And some of the vineyards singled out by the Vino e Amigos Facebook page hit back at calls for their popular wines to be blacklisted, labelling the proposed boycott as un-Australian, unfair and misguided.
Kilikanoon Wines, based in South Australia, is owned by Chinese winemaker Changyu Pioneer Wine Co
Knappstein was bought up by Australian Yinmore Wines, which was part of the China-based Yunnan Yinmore Group, reportedly for $15million
The tense political situation reached fever pitch after Chinese foreign ministry spokesman Lijian Zhao posted a doctored image in early December showing a grinning Australian soldier holding a knife to the throat of an Afghan child.
The artwork referred to revelations made last month in the Bereton inquiry, claiming 25 Australian soldiers unlawfully killed 39 Afghan civilians and prisoners.
Prime Minister Scott Morrison demanded an apology and called for the Asian superpower to take down the ‘repugnant’ fake image.
Australian embassy officials met with Chinese Foreign Ministry representatives seeking a formal apology over the fake image.
But Beijing has since doubled down on their attacks against Australia, posting another controversial image in a state-owned newspaper depicting a kangaroo with a blood soaked knife in a bow tie.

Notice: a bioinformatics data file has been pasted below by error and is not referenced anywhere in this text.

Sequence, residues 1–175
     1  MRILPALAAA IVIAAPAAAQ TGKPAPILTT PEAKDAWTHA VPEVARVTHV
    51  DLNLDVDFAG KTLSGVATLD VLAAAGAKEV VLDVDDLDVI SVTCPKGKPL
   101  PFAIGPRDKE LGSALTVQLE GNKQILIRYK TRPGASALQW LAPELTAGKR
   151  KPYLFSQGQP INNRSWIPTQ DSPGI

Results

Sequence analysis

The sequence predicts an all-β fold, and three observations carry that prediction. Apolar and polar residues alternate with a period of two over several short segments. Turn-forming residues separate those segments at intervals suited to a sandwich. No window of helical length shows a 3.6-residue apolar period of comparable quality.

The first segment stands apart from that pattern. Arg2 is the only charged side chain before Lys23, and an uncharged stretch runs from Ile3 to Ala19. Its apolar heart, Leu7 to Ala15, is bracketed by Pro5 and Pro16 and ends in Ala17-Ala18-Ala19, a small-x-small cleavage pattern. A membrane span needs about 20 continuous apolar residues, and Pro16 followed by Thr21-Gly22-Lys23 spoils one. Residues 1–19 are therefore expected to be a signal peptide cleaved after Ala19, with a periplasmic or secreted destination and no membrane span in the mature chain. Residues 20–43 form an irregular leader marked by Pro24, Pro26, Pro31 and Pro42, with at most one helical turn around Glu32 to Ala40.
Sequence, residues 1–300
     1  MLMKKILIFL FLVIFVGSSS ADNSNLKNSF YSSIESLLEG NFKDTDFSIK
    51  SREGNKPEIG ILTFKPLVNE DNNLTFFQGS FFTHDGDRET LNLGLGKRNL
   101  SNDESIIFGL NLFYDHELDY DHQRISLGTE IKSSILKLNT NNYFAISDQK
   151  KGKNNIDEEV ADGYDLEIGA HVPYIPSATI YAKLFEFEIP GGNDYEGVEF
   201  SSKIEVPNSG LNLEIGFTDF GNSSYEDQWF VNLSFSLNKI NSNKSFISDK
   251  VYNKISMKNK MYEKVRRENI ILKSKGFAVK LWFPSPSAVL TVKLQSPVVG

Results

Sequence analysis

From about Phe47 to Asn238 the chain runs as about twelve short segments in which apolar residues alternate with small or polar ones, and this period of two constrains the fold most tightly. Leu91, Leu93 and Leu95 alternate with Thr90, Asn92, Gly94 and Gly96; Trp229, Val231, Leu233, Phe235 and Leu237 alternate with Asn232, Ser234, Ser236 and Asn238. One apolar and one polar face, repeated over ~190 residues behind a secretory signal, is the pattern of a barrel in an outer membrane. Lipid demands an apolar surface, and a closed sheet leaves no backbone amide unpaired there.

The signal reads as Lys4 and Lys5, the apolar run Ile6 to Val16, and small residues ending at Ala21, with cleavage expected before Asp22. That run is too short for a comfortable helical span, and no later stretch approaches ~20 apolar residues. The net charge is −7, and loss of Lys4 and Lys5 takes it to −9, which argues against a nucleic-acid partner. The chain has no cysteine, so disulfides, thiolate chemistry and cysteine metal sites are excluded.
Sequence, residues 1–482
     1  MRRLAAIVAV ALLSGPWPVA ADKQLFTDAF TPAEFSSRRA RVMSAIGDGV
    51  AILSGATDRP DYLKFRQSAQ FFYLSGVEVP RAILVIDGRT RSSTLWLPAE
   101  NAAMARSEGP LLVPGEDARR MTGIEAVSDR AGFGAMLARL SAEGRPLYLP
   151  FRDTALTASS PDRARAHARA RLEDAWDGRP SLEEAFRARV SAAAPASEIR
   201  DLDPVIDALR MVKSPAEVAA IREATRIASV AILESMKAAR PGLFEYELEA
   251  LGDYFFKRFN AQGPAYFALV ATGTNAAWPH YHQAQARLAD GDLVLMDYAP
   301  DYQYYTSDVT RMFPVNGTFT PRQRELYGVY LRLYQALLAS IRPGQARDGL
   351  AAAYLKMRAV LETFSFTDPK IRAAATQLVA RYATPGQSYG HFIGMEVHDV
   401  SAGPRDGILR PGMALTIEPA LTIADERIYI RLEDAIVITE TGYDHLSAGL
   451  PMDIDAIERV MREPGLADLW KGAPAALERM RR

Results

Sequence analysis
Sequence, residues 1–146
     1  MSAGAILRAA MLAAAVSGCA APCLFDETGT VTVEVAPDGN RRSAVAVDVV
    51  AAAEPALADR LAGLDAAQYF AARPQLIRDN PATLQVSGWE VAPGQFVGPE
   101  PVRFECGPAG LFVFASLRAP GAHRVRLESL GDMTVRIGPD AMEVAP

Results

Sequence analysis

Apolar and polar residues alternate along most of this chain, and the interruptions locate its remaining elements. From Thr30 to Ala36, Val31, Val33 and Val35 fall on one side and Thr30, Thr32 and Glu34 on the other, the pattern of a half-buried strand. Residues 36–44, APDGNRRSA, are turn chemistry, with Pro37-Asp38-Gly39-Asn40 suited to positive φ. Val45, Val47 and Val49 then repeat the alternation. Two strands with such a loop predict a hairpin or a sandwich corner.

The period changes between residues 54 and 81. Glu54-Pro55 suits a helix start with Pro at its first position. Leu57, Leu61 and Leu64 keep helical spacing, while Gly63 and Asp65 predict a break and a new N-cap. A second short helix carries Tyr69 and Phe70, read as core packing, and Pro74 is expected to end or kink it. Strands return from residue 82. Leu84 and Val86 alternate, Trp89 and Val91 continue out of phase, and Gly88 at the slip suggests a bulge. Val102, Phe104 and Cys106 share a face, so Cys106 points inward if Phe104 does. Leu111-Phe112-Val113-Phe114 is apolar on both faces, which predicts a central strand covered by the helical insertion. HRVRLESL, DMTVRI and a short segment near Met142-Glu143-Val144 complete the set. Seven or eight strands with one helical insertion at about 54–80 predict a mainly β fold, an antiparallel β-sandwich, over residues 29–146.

Some of the Australian vineyards with Chinese links
Bought last year by Australian Yinmore Wines, which was part of the China-based Yunnan Yinmore Group, reportedly for $15 million.
Owned by Chinese winemaker Changyu Pioneer Wine Co.
The company purchased an 80 per cent stake in the winery in 2018 for $20.6 million.
In August this year the company bought a 15 per cent stake in the winery for $3.91 million.
Hong Kong Yingda Investment Co bought a large chunk of the vineyard in 2014.
It sold to Chinese investors in 2018 for $6.6 million.
1847 Wines and Chateau Yaldara
Chinese businessman Arthur Wang purchased the winery for an undisclosed sum in 2010.
Mr Wang also bought the renowned Chateau Yaldara in 2014 for $15.5million.
Chinese company Swan Wine Group own the vineyard – which was hit with the lowest tariff barrier when Beijing imposed a levy up to 212 per cent on Aussie wine last week.
The Chinese firm Jia Yuan Hua Wines took ownership of the vineyard for $3million in 2017.
Woodside Valley Estate and the Perth Hills Western Range were bought by the Hong Kong-based business Palinda Wines for an undisclosed amount in 2012.
A Chinese company bought a majority stake in the popular company in 2011
It was established by Chinese owners in 1999. It has an office in Beijing and distributes wines around China.
It was bought by Chinese investors for a rumoured $4.6 million in 2018.
Wild Cattle Creek
The estate, near Seville, was bought by Chinese investors for $8.5 million in 2018
NEW SOUTH WALES
The Hunter Valley winery was purchased by wealthy Chinese investor, Wang Zhe, in 2016.
It’s rumored the businessman tried a glass of Chardonnay at the winery and enjoyed it so much he asked to buy the entire estate.
The 16-hectare changed hands for $1.89 million in 2011 after being snapped up by Chinese buyers.